Tack on another 126 years in prison to a death sentence, two life terms without the possibility of parole and hundreds of years in prison that three-time convicted murderer Eugene Nunnery already has been sentenced to.
District Judge Donald Mosley on Wednesday called Nunnery's case "one of the most heinous things that I've had any dealings with in the 30 years that I've been on the bench. It makes no sense to me at all."
Mosley proceeded to give Nunnery the maximum sentence for five felonies he was convicted of earlier this month, including robbery with use of a deadly weapon and conspiracy to commit robbery.
Nunnery declined to speak at the hearing.
Nunnery terrorized, robbed and killed Hispanic laborers in the valley in the late summer of 2006.
On May 11, a jury sentenced the 30-year-old killer to life in prison without the possibility of parole for the Sept. 15, 2006, shooting death of Antonio Perez-Martinez.
Prosecutors had sought the death penalty for Perez-Martinez' murder, but the jury spared Nunnery's life after learning he had a mental defect, was physically abused by his father, and his mother consumed alcohol while she was pregnant with him, among other mitigating factors.
Nunnery shot and killed Saul Nunez Suastegui during a September 2006 robbery. A jury in 2008 convicted him of first-degree murder in Suastegui's slaying and sentenced him to death. That verdict is under appeal.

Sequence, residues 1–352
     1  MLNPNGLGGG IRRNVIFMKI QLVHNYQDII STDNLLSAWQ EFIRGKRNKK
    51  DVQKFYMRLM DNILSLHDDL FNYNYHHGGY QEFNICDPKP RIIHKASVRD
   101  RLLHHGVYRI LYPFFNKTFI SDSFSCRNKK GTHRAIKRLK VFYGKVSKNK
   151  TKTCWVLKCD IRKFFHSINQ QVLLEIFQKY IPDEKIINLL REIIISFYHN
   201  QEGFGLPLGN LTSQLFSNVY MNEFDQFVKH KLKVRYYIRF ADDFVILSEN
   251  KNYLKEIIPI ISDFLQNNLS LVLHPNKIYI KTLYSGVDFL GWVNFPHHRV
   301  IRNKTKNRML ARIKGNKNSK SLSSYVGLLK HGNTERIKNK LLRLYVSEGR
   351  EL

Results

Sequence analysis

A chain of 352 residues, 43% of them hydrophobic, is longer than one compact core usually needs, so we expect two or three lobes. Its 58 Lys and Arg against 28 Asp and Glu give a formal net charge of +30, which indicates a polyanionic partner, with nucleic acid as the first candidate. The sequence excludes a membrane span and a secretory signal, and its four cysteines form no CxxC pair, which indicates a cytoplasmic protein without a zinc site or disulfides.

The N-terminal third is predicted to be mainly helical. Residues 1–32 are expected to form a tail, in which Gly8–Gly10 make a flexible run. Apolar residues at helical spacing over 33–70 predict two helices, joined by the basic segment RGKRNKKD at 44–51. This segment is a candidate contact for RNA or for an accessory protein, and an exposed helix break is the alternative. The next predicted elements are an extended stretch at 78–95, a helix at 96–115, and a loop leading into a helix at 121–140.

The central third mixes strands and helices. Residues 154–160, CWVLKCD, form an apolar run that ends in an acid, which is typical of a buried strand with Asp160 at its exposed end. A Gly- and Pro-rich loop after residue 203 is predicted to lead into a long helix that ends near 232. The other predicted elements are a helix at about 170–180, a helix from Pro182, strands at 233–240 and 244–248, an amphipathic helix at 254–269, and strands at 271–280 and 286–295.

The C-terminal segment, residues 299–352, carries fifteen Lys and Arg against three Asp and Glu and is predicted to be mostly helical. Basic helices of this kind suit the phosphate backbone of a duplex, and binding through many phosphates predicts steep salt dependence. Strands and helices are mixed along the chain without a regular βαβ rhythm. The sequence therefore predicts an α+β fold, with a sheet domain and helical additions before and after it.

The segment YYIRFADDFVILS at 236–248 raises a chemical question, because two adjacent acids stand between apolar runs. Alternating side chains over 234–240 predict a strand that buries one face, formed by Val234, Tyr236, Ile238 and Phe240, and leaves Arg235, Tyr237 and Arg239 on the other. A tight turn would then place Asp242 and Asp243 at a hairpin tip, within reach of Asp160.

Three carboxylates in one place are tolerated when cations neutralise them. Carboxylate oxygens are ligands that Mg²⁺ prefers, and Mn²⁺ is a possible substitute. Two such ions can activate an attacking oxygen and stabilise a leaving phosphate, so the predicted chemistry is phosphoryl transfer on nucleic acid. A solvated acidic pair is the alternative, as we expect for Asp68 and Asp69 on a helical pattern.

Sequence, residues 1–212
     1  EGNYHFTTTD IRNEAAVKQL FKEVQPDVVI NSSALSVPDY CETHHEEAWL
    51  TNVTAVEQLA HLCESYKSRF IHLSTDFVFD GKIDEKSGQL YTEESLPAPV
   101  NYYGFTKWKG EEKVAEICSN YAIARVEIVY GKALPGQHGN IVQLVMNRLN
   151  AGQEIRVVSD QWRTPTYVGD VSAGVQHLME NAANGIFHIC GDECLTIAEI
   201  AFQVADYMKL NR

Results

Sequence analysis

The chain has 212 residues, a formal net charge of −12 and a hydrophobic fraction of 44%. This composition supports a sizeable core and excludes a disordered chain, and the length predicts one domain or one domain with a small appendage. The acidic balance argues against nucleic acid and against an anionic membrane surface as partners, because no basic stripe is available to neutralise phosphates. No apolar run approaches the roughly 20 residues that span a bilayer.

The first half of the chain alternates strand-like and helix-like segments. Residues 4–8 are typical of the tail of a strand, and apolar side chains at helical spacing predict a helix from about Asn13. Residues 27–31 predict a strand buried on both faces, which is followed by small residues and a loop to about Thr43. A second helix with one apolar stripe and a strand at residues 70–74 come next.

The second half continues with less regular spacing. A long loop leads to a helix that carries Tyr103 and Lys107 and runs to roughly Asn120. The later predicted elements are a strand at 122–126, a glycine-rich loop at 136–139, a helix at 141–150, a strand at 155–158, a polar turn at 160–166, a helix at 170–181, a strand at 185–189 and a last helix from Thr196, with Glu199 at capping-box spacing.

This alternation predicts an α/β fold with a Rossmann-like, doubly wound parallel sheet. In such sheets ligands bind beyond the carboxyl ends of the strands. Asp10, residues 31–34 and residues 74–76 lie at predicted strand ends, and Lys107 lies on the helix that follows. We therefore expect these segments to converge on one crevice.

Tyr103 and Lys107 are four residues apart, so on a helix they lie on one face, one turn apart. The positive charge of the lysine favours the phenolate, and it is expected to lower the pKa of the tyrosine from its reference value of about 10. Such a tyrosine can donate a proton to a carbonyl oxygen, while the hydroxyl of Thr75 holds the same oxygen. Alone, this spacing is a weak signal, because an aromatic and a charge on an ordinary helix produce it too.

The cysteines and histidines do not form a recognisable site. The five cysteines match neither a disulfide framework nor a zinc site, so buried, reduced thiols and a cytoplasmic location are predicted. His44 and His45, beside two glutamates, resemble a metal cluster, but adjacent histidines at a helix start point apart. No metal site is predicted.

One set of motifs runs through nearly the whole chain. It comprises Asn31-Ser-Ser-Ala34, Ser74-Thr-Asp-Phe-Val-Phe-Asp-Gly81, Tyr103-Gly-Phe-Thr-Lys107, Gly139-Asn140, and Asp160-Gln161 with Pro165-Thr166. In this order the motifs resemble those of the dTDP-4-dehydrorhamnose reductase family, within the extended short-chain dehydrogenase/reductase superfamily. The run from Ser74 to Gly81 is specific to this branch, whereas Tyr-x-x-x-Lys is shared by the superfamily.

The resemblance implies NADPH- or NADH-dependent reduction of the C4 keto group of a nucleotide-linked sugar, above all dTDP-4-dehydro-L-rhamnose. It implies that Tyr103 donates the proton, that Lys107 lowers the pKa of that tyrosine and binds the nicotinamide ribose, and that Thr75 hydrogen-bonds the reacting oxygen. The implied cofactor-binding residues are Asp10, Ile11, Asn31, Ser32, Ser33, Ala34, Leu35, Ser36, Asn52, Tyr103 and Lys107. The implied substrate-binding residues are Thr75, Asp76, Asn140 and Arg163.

During that trial and in front of the victim's family, Nunnery told the jury that he had no remorse for the slaying and would kill again if let go.
A jury in 2009 convicted Nunnery of first-degree murder with a deadly weapon for shooting and killing reported drug dealer Raphael Alfred in August 2006. Nunnery was sentenced to life in prison by a district judge after a jury was hopelessly deadlocked on whether to sentence him to death.
Nunnery told investigators he and his crew of three men targeted Hispanic day laborers, including Suastegui, 29, and Perez-Martinez, 42, in street robberies because he thought they wouldn't report the crimes to police.
The three members of Nunnery's crew either have been convicted or pleaded guilty to related crimes and sentenced to lengthy prison terms.
Nunnery confessed to the slayings and even admitted to detectives that the robberies escalated to killings after he grew angry that the victims tried to run away. He said he killed 24-year-old Alfred because the victim had shortchanged him in a $50 marijuana deal.
Prosecutors said Nunnery tried to kill 11 people and committed several robberies and at least one home invasion during the month-long crime spree.
Nunnery also has been convicted of dozens of felonies relating to the crime spree, resulting in prison sentences totaling hundreds of years.
Nunnery was born into poverty in California in 1979. His mother, a prostitute, died from alcohol abuse when he and his two siblings were young.
Their father abandoned the family, and Nunnery became the father figure for his younger sister and brother. He passed through more than a dozen foster homes as a youth.
Contact reporter Francis McCabe at fmccabe@review journal.com or 702-380-1039.